A common translation of the Latin hortative memento mori is "Remember thou shalt die."

I am not interested in a discussion of the Latin, nor of what the expression actually means in English. I am more interested in why English speakers chose the formulation "Remember thou shalt die" over "Remember thou wilt die," considering the implications of "shall" and "will" in English.

This thoroughly correct answer to a similar question definitely implies that "will" would be the right choice. --And yet Google has almost three thousand results for "Remember thou shalt die" (in quotes), and a mere two for "Remember thou wilt die."

Can anyone explain why this is? And: Which form is correct?

Related: The use of "will" in assumptions


N.B.: Mentions of "will" in this question refer to the future auxiliary, not to the verb "to will." Separately: I am not interested in answers which assert that "shall" and "will" are practically interchangeable these days.

  • 5
    The particular English speakers who composed that line were speakers of Early Modern English, circa 1600; and they were churchmen who were familiar with earlier versions of English and with biblical scholarship in many languages. They chose a construction that was archaic at the time, as they did for many sentences in the KJV; in their opinion (ratified by time), archaic constructions worked better in religious texts. As for the "traditional" implications of shall and will, that's a zombie rule; no English speaker ever talked that way, unless badgered by a schoolteacher. May 12, 2016 at 14:22
  • Could it be that the use of "shall" is an effort to recreate, using a calque from German, a subjunctive/jussive undertone in the Latin? --If so, this is extremely subtle.
    – SAH
    May 12, 2016 at 14:23
  • @johnLawler Are you sure this is why "shall" is used in the KJV? I am inclined to doubt it. Forms of "will" are found just as often as "shall," the distinction being that "will" is chosen when it matches the tense/mood of the original. Or so I understand.
    – SAH
    May 12, 2016 at 14:27
  • @JohnLawler Also, re: your last sentence--Especially in writing, I indeed make an effort to use "shall" as the future auxiliary for the first person. The zombie shall not die!
    – SAH
    May 12, 2016 at 14:30
  • And death shall be no more; Death, thou shalt die! Holy Sonnet X by John Donne - rjgeib.com/thoughts/proud/index.html
    – user66974
    May 12, 2016 at 14:36

1 Answer 1


In Shakespeare, shall and will were not used according to the "traditional rule in Standard British English" described in your link. You can see from this Ngram that there was a big change in the rules for shall and will between 1600 and 1700, at least for first person. Since the comments say this line was composed around 1600, the grammar would presumably be that of Shakespeare.

As far as I can tell from looking at examples in Shakespeare, for people he used will to indicate volition on the part of the actor, and shall to indicate lack of volition. Thus, thou shalt die means you are dying without necessarily wanting to.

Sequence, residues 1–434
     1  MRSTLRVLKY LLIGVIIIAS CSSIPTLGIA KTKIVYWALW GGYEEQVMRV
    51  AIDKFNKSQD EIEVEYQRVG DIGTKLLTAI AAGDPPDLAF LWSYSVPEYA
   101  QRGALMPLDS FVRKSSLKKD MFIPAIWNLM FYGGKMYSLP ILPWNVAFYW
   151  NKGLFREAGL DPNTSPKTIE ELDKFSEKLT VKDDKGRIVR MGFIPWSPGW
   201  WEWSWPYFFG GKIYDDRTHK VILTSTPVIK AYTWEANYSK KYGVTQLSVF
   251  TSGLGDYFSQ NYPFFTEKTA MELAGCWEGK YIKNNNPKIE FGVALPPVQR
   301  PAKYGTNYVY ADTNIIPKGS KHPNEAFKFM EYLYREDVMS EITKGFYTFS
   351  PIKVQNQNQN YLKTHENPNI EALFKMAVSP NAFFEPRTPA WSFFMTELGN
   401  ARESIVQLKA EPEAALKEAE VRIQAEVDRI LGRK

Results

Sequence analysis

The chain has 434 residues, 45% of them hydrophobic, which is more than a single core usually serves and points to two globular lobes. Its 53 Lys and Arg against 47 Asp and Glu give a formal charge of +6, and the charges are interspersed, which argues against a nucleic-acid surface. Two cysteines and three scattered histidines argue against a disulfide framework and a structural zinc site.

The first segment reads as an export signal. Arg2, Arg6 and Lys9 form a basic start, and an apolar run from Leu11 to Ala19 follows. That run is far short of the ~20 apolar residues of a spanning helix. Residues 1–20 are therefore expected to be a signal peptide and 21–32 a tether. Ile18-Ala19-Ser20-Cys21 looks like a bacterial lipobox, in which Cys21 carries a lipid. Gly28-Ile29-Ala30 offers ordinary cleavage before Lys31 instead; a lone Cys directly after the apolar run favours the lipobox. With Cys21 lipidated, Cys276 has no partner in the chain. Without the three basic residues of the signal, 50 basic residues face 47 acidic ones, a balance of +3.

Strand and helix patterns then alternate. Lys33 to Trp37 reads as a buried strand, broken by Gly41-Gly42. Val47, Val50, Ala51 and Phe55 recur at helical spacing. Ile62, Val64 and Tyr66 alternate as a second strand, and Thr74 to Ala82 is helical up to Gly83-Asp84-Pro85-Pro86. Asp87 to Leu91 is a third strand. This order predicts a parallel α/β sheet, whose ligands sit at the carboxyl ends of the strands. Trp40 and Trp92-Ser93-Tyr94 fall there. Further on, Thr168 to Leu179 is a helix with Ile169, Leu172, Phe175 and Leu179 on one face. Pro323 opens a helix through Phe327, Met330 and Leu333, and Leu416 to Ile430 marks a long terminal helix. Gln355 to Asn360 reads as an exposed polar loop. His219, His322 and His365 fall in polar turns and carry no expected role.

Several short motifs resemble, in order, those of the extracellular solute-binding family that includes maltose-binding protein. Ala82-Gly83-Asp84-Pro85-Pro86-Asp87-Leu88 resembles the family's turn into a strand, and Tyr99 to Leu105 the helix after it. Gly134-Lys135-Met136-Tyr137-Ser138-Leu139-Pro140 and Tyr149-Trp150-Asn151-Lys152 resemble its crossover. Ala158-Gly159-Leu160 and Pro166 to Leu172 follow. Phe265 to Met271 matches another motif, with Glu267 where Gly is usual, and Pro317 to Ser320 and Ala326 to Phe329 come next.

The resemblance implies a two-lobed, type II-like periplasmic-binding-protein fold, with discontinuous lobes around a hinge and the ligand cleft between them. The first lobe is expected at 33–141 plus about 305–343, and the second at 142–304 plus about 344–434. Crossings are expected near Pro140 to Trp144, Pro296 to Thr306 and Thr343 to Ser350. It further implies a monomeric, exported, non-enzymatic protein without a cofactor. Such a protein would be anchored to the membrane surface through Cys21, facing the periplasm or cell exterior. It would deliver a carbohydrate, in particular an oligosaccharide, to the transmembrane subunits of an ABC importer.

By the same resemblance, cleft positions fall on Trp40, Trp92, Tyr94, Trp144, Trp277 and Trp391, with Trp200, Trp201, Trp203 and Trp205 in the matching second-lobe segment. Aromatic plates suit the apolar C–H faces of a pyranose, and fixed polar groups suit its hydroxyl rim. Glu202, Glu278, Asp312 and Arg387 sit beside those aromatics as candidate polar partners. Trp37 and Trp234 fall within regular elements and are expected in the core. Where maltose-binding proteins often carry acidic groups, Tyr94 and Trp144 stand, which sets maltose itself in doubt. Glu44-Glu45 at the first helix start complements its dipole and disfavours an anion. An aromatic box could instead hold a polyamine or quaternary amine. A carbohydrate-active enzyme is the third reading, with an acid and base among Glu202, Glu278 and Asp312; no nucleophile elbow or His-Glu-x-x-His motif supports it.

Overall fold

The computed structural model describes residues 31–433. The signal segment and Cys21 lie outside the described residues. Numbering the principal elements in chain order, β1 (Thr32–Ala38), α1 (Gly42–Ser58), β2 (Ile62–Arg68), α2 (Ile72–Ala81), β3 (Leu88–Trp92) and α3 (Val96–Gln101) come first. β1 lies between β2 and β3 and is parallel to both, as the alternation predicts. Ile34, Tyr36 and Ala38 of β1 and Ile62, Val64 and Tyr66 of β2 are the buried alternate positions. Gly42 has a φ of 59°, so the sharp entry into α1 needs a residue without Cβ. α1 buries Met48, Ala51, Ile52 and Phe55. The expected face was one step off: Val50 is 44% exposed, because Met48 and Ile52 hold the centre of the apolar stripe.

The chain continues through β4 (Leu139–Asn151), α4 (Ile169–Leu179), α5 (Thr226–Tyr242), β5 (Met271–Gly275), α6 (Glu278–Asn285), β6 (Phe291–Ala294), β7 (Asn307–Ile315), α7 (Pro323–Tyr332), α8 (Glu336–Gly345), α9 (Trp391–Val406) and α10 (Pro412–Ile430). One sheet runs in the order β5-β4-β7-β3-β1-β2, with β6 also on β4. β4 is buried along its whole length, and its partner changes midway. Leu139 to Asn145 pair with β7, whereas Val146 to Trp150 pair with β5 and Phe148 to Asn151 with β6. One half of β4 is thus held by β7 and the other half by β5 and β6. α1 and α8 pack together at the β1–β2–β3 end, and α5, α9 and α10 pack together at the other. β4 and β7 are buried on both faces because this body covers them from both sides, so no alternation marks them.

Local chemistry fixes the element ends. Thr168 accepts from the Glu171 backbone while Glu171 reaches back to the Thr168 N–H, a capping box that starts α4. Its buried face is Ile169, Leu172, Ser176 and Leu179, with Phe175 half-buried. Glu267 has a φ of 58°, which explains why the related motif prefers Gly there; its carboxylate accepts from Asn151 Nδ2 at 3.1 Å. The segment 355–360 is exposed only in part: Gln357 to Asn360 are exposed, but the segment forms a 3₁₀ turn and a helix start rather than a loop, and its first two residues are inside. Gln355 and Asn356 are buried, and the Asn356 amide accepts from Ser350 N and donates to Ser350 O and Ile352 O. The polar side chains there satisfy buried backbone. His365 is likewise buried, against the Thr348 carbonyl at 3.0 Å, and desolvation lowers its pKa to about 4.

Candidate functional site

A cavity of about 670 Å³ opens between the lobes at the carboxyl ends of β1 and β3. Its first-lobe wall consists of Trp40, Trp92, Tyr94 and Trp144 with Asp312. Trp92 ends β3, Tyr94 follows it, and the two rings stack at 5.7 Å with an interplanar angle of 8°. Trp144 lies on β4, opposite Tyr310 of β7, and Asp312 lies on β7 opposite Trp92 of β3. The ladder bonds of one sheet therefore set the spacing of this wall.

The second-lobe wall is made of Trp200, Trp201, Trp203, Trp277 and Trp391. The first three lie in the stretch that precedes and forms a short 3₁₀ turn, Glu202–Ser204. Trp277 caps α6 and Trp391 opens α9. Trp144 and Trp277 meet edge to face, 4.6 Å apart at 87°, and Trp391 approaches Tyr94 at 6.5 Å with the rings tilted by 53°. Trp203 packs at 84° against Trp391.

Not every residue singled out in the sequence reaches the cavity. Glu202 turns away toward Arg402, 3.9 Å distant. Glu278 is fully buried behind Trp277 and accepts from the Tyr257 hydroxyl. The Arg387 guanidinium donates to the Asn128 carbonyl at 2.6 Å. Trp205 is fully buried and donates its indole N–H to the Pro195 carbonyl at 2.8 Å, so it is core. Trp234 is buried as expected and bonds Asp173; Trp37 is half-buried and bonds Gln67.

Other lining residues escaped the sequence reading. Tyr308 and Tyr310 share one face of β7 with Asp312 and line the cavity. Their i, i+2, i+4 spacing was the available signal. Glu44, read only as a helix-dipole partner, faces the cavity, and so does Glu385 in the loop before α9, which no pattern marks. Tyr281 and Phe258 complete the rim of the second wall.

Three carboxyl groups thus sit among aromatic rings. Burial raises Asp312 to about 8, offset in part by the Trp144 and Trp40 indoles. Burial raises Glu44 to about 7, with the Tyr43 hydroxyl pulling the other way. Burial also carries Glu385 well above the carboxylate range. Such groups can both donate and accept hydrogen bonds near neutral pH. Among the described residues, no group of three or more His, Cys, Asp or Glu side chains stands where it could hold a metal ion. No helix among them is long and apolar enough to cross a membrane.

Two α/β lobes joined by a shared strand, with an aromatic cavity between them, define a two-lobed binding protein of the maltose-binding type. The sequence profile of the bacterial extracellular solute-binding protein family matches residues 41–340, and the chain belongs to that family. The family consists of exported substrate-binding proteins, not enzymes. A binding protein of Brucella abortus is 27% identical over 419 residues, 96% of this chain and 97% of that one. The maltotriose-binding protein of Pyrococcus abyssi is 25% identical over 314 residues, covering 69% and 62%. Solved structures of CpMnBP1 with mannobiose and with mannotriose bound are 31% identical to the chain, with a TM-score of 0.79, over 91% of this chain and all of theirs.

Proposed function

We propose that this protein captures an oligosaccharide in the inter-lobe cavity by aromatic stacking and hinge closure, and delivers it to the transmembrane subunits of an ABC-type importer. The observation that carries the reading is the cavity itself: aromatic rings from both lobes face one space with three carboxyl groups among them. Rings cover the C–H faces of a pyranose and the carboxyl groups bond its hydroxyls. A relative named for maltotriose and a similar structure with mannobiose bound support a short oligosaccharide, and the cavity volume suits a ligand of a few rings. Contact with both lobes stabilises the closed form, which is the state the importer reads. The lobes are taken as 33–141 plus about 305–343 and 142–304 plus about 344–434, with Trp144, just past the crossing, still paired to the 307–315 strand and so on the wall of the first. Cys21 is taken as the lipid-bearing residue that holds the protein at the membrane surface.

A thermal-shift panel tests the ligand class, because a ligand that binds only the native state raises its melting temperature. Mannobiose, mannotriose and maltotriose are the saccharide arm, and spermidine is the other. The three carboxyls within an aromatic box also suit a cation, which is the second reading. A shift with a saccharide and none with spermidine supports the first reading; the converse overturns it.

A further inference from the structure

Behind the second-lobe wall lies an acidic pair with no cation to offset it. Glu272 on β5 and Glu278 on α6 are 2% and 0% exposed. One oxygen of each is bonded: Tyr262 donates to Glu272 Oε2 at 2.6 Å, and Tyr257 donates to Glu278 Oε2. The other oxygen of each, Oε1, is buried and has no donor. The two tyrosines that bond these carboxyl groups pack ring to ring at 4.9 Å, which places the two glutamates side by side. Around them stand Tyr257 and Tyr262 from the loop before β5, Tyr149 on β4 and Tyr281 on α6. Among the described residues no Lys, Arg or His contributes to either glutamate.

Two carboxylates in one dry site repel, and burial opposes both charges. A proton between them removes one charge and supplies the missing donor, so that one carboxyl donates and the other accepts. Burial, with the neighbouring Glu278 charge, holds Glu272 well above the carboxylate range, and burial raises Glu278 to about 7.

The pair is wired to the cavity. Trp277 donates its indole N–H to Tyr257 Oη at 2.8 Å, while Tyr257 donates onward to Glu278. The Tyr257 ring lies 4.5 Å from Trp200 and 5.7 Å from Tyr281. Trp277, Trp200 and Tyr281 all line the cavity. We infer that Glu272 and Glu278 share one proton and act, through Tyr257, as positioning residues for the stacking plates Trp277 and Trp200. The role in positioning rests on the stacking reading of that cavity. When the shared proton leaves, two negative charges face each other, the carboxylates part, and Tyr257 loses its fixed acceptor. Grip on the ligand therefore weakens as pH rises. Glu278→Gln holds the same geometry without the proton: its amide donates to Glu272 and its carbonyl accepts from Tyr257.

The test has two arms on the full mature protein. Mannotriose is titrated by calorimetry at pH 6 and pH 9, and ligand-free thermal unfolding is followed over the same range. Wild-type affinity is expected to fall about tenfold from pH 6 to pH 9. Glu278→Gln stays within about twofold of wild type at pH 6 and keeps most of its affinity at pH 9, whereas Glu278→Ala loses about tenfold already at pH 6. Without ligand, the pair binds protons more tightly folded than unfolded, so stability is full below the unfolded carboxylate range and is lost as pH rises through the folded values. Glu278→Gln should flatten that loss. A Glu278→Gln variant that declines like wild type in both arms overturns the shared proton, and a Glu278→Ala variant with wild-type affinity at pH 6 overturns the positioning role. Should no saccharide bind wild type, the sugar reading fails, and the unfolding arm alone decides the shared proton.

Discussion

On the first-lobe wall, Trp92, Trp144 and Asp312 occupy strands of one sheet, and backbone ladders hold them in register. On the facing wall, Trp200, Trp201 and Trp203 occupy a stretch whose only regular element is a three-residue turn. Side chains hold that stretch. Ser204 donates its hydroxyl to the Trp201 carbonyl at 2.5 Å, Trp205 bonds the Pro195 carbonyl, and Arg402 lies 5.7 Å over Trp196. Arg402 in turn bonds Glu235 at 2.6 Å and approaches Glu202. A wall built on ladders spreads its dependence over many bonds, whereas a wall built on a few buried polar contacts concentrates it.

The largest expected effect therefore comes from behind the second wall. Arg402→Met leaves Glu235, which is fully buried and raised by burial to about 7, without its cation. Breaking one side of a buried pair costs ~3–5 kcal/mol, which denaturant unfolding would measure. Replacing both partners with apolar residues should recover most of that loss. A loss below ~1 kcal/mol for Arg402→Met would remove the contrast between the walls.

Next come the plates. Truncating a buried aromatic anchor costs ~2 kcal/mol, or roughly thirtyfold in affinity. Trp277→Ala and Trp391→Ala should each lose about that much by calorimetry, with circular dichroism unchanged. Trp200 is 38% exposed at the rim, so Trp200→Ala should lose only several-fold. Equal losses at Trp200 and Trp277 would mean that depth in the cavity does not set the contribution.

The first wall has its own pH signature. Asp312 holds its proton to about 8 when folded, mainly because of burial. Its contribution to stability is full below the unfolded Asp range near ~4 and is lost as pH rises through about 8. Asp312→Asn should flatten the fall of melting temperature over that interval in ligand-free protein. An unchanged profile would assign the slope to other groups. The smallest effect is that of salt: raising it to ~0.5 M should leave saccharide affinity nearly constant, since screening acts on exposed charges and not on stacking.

EDIT: I have found a reference for this usage. From The Cambridge History of the English Language:

It has been suggested (e.g. (Jespersen MEG IV 18.1; Strang 1970: 206) that the divided use of the two auxiliaries to indicate future time might go back to the model set by the Wycliffite Bible translation, which used shall for unmarked and will for volitionally marked future. This practice would have been copied by the schools in their translation exercises. This theory certainly gives a much simplified picture of the development; yet it seems that will developed its pure (predictive) future use later than shall, in colloquial speech, as a `change from below'.

The peculiar pattern of distribution in which shall is the future auxiliary used with the first-person subject while will is used in the second and third persons can be first traced in Early Modern English. The grammarian Mason first states this rule in 1622, and Wallis in 1635 (Visser §1433) but the tendency can be traced in texts as early as the 16th century.

  • Wikipedia kind of mentions non-volitional "shall" in the second and third persons: en.wikipedia.org/wiki/…
    – herisson
    May 12, 2016 at 14:44
  • 3
    The Pragmatics of Modals in Shakespeare. books.google.it/…
    – user66974
    May 12, 2016 at 14:49
  • 1
    This is correct. The two words come from Old English willan 'to wish' and sculan 'to owe, be obliged'.
    – Anonym
    May 12, 2016 at 15:41
  • I may agree about Shakespeare, but the use of shall/will in my sentence is not the same as its use in the KJV: The KJV uses shall/will ~according to the current conventions. (Indeed, it may have invented these.)
    – SAH
    May 13, 2016 at 3:56
  • @Anonym Also, "to will" (Old English "willian") is being conflated in this discussion with "will" (Old English "willan"), the future auxiliary. These are not the same verb--although, as noted, they may share some aspects of meaning.
    – SAH
    May 13, 2016 at 3:57

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